At Christmas Lake, sampling in 2014 indicated they may have found the first and only early colonizing zebra mussels in the lake near a single boat ramp. The community and Minnesota DNR quickly mobilized a plan and encircled the area with a curtain to keep any larval mussels from leaving that area of the lake. The treatment of the public access area in Christmas Lake consisted of three parts. Zequanox was first applied to the treatment area in September, 2014. That application was followed by a copper treatment of EarthTec QZ in October and November, 2014. In December, a contractor working with the DNR injected 1,000 pounds of potassium chloride (potash) under the ice near the public boat access. The applications of potash and EarthTec QZ were experimental and required special emergency permission.
Initial sampling indicated they had succeeded at killing all zebra mussels within the containment area. However, additional surveys in the summer of 2015 indicated zebra mussels are in other parts of the lake. The failed effort at Christmas Lake was not a result of a failure to act quickly or a failure of the eradication techniques used in the containment area. They failed because mussels were likely already established in small, undetectable numbers in other parts of the lake far outside of the containment area prior to the first discovery near the boat ramp.
Many agencies and communities were monitoring the Christmas Lake effort. It was one of the first times rapid eradication techniques had been utilized after early detection. Many biologists were hopeful for a successful project but also skeptical since undetected colonization beyond the containment area was likely.
Development of an early detection and eradication strategy is still being considered by agencies in the event an introduction, like an infected boat hoist, is reported in the first days after it is in the lake. If caught early, many believe this strategy could be successful and worth pursuing.
The management of zebra mussels continues to be a frustrating endeavor in North America. At least 756 lakes in the United States have become infested since zebra mussels were first discovered in 1988. To date, there have only been a couple of successful eradications.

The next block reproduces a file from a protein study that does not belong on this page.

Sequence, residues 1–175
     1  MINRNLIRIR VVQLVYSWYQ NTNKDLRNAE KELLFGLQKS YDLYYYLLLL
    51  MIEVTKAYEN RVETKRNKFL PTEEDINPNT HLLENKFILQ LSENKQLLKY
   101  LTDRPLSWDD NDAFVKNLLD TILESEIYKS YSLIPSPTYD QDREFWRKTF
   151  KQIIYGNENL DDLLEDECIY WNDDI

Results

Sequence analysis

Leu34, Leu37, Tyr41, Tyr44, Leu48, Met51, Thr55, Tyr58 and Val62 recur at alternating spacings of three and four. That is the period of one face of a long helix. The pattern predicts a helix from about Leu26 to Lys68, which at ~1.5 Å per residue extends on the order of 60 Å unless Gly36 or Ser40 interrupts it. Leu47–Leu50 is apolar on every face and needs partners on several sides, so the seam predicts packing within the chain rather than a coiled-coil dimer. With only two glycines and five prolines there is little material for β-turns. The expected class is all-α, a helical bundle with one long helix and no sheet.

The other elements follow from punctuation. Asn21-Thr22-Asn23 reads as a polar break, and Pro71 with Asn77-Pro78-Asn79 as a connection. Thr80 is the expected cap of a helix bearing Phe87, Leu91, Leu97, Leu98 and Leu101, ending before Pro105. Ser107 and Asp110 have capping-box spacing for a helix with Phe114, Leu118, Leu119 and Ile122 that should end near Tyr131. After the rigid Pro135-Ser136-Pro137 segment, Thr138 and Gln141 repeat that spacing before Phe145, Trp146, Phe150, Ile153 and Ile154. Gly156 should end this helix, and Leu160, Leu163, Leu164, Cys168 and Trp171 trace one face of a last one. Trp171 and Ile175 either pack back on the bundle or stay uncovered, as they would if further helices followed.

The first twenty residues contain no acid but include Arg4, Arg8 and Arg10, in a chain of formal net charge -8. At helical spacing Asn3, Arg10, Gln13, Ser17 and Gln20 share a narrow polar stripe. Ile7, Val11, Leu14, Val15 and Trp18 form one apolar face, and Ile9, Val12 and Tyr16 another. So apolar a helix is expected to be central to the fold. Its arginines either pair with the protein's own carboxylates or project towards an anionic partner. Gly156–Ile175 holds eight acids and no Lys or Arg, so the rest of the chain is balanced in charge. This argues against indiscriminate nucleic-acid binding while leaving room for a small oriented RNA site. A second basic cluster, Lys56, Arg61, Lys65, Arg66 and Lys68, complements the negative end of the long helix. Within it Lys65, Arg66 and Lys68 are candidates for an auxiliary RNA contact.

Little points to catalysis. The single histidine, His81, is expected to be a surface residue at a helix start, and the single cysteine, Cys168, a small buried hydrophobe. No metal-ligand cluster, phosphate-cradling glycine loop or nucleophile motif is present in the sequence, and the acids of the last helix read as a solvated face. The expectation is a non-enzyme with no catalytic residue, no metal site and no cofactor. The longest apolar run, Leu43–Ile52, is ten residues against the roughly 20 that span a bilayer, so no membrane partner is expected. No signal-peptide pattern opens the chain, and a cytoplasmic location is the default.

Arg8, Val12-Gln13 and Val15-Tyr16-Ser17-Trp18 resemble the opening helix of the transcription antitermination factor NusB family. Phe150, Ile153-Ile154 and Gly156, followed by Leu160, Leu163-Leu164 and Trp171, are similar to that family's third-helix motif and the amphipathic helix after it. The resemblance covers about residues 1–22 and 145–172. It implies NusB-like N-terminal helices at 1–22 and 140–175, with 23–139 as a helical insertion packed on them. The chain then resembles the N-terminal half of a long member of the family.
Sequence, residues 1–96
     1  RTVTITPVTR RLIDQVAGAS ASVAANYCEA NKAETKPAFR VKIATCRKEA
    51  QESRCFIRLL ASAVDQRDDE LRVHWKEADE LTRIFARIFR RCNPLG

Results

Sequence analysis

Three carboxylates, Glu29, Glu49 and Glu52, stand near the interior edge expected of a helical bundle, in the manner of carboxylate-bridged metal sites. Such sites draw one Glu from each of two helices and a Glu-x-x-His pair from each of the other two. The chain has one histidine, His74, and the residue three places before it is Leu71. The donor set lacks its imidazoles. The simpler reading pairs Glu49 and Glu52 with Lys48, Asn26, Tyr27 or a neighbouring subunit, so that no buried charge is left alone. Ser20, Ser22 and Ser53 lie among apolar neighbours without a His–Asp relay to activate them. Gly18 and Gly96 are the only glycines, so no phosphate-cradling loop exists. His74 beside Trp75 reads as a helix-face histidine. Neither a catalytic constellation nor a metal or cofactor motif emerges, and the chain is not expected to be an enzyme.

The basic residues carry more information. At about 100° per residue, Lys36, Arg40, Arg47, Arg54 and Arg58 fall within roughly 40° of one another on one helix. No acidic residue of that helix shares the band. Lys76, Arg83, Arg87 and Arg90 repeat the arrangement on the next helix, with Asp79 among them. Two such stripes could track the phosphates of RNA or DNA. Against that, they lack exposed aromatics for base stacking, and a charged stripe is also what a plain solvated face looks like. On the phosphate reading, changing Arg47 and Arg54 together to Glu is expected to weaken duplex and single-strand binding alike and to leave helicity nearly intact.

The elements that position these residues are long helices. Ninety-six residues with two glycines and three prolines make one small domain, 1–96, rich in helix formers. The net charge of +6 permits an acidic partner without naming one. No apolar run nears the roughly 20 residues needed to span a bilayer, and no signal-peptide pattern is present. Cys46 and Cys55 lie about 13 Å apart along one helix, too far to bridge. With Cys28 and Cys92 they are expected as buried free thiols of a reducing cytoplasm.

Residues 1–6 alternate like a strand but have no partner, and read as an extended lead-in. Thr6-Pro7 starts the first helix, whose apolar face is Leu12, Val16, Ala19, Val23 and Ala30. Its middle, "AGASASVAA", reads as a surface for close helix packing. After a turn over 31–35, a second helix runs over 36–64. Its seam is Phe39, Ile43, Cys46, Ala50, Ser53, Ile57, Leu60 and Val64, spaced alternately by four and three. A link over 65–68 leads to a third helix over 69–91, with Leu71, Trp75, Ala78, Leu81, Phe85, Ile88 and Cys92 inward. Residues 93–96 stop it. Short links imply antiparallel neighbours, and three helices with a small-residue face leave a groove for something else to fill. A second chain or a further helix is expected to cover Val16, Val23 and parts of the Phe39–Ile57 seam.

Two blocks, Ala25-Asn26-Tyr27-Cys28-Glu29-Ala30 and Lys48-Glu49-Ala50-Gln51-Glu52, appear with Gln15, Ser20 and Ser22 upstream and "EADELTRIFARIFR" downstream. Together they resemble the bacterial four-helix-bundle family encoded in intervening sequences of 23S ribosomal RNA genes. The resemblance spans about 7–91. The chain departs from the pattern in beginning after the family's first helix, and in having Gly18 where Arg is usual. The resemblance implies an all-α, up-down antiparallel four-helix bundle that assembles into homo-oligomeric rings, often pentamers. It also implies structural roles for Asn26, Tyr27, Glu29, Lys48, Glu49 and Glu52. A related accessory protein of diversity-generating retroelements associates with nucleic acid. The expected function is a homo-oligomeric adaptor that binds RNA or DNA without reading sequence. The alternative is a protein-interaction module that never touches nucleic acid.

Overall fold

Research is currently proposed and underway to further develop control and eradication strategies. The newest approved pesticides that are only available for spot treatment of small areas around intakes and sensitive areas include Zequanox and EarthTec QZ. Other research is focusing on parasites and disease identification from areas around the zebra mussel’s native habitat in the Caspian Sea.
Lake wide treatments, especially at the scale of the Iowa Great Lakes, remain unfeasible. For a sense of scale, the volume of water treated at Christmas Lake in the attempt to eliminate zebra mussels was 4 acre-ft (1 acre in size and approximately 4 ft in average depth). The volume of the West Okoboji Lake alone is over 146,000 acre-ft.
Dr. Daniel Molloy visited the Iowa Great Lakes last fall. Dr. Molloy discovered and engineered the bacteria used in Zequanox and travels the country advising communities and agencies on zebra mussel infestations while continuing his own research on zebra mussel pathogens. His message to the resource professionals and the community members he visited with was to continue to slow the spread of mussels to other water bodies, support ongoing and future research efforts to find control and eradication technologies, and to not panic about the infestation.
Obviously, we would be far better off without this invading species in our lakes. With limited options however, we must face this challenge and adjust our habits and the management of the lakes. This will be a learning process for everyone with many unknowns ahead. Our best defense will be to prevent additional invasions and improve the health of our native lake plants and animals. Continuing efforts to improve water quality provides benefits for the native ecosystem which in turn creates better resilience against current and future invaders.